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              Straight sprinting is the most frequent action in goal situations in professional football.

              The present study aimed to analyse the influence of speed and power abilities in goal situations in professional football. During the second half of the season 2007/08, videos of 360 goals in the first German national league were analysed by visual inspection. For the assisting and the scoring player the situations immediately preceding the goal were evaluated. The observed actions were categorised as: no powerful action, rotation (around the body's centre-line), straight sprint, change-in-direction sprint, jump, or a combination of those categories. Two hundred and ninety-eight (83%) goals were preceded by at least one powerful action of the scoring or the assisting player. Most actions for the scoring player were straight sprints (n = 161, 45% of all analysed goals, P < 0.001) followed by jumps (n = 57, 16%), rotations and change-in-direction sprints (n = 22, 6% each). Most sprints were conducted without an opponent (n = 109, P < 0.001) and without the ball (n = 121, P < 0.001). Similarly, for the assisting player the most frequent action was a straight sprint (n = 137, P < 0.001) followed by rotations (n = 28), jumps (n = 22) and change-in-direction sprints (n = 18). The straight sprints were mostly conducted with the ball (n = 93, P = 0.003). In conclusion, straight sprinting is the most frequent action in goal situations. Power and speed abilities are important within decisive situations in professional football and, thus, should be included in fitness testing and training.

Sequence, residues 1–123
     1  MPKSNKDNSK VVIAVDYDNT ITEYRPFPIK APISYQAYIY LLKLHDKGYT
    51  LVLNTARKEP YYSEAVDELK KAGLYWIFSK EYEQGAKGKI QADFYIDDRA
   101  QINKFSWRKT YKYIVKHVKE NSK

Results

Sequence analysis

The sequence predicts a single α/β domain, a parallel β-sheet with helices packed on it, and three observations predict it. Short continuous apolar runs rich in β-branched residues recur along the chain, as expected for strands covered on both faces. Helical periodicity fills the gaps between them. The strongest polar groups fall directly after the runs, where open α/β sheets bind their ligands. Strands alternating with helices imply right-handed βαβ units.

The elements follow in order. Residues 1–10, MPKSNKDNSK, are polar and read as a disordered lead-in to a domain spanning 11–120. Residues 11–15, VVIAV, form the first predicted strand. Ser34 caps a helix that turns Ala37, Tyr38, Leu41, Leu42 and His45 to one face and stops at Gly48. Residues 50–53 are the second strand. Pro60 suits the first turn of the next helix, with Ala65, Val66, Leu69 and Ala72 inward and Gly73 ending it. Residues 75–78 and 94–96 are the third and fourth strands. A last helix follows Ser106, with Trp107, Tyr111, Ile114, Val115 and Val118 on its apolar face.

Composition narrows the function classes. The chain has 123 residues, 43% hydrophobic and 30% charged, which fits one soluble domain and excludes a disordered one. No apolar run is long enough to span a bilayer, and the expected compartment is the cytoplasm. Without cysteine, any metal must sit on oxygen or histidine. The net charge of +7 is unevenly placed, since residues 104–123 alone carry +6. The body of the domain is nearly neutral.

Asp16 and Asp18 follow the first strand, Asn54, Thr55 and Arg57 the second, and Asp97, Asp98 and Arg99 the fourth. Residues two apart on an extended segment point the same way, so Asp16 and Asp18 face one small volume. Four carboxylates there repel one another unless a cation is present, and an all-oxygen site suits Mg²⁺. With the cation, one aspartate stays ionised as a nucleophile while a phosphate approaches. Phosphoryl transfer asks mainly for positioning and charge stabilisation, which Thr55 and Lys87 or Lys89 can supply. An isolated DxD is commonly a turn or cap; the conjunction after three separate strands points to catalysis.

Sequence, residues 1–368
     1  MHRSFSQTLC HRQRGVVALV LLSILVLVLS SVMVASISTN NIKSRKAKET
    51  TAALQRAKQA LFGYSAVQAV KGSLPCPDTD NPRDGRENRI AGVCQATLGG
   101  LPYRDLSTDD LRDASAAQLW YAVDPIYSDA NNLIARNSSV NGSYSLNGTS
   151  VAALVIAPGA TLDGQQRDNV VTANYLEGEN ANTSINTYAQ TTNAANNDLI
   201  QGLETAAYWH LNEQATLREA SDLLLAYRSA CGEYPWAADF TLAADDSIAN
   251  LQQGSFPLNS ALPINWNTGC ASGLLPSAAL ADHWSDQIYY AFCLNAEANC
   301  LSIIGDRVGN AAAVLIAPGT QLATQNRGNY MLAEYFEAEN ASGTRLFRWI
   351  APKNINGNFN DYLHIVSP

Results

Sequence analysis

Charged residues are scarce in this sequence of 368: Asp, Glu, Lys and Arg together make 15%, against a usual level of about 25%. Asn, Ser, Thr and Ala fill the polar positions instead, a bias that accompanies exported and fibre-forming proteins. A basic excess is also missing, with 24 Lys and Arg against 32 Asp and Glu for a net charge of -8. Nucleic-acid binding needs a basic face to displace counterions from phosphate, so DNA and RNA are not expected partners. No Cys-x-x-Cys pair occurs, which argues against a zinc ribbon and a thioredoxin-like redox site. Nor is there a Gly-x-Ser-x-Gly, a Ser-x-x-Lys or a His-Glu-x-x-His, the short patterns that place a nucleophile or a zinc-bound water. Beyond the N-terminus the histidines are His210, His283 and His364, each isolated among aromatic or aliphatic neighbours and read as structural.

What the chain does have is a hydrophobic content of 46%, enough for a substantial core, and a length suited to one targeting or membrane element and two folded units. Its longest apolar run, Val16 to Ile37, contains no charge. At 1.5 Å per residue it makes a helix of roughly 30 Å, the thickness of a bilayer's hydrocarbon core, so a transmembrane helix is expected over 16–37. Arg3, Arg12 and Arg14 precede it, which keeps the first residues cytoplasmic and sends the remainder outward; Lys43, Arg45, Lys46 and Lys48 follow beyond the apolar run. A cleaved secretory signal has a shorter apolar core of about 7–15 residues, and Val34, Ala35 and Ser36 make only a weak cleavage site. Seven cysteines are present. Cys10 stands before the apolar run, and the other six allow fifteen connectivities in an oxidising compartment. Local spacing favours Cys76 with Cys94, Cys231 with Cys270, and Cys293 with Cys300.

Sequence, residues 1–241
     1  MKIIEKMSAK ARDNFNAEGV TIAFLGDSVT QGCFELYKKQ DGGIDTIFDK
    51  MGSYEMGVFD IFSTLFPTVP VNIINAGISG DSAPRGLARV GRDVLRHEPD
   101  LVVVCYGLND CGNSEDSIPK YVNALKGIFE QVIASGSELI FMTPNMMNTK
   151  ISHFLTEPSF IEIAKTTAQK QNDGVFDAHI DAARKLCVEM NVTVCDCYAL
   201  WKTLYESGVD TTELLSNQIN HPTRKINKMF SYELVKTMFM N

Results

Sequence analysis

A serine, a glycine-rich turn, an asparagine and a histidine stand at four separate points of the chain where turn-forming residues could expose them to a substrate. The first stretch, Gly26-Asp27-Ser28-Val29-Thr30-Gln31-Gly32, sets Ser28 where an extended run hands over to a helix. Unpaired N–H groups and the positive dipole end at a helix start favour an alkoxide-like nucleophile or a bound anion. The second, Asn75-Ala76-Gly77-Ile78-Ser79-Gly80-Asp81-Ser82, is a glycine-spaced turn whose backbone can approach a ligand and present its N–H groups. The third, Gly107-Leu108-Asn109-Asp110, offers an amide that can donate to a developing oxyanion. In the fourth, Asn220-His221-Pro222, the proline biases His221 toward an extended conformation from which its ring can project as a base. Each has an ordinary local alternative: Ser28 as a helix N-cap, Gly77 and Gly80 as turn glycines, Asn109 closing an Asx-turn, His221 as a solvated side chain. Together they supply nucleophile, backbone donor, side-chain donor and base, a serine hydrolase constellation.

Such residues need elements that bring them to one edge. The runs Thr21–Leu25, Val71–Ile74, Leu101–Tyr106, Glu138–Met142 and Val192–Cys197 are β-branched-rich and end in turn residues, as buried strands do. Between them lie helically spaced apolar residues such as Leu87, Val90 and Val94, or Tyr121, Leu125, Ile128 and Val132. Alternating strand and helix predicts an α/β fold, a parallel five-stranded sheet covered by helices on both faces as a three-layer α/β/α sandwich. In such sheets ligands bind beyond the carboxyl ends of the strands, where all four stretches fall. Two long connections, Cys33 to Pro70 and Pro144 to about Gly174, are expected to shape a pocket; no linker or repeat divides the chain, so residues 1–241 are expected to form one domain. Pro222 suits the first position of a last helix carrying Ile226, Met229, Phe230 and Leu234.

Author and article information

                J Hum Kinet
                J Hum Kinet
                Journal of Human Kinetics
                Termedia Publishing House
                20 January 2023
                March 2023
                : 86
                : 195-204
                [1 ]Health Research Centre, University of Almería, Almería, Spain.
                [2 ]Club Polideportivo El Ejido, Almería, Spain.
                [3 ]Ferencvárosi Torna Club, Budapest, Hungary.
                [4 ]Laboratory of Kinesiology, Biomechanics and Ergonomics (KIBIOMER Lab), Research Central Services, University of Almería, Almería, Spain.
                Author notes
                [* ]Correspondence: josemuyor@ 123456ual.es
                Author information
                Copyright: © Academy of Physical Education in Katowice

                This is an Open Access article distributed under the terms of the Creative Commons Attribution 4.0 International (CC BY 4.0) ( https://creativecommons.org/licenses/by/4.0/). This license lets others distribute, remix, adapt, and build upon your work, even commercially, as long as they credit you for the original creation.

                Research Paper

                football,high-speed running,performance,gps,team sport,high-intensity efforts